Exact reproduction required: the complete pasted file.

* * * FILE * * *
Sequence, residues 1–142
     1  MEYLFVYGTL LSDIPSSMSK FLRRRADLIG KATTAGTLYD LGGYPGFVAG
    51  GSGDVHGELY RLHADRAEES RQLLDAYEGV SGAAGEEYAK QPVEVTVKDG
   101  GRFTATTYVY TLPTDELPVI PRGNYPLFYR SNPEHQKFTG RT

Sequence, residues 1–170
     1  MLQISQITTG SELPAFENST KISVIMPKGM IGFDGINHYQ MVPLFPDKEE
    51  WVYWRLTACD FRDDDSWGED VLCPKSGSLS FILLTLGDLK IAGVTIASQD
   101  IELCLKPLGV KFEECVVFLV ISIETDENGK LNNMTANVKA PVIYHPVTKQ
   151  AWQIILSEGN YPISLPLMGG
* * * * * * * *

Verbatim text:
Sequence, residues 1–142
     1  MEYLFVYGTL LSDIPSSMSK FLRRRADLIG KATTAGTLYD LGGYPGFVAG
    51  GSGDVHGELY RLHADRAEES RQLLDAYEGV SGAAGEEYAK QPVEVTVKDG
   101  GRFTATTYVY TLPTDELPVI PRGNYPLFYR SNPEHQKFTG RT

Sequence, residues 1–170
     1  MLQISQITTG SELPAFENST KISVIMPKGM IGFDGINHYQ MVPLFPDKEE
    51  WVYWRLTACD FRDDDSWGED VLCPKSGSLS FILLTLGDLK IAGVTIASQD
   101  IELCLKPLGV KFEECVVFLV ISIETDENGK LNNMTANVKA PVIYHPVTKQ
   151  AWQIILSEGN YPISLPLMGG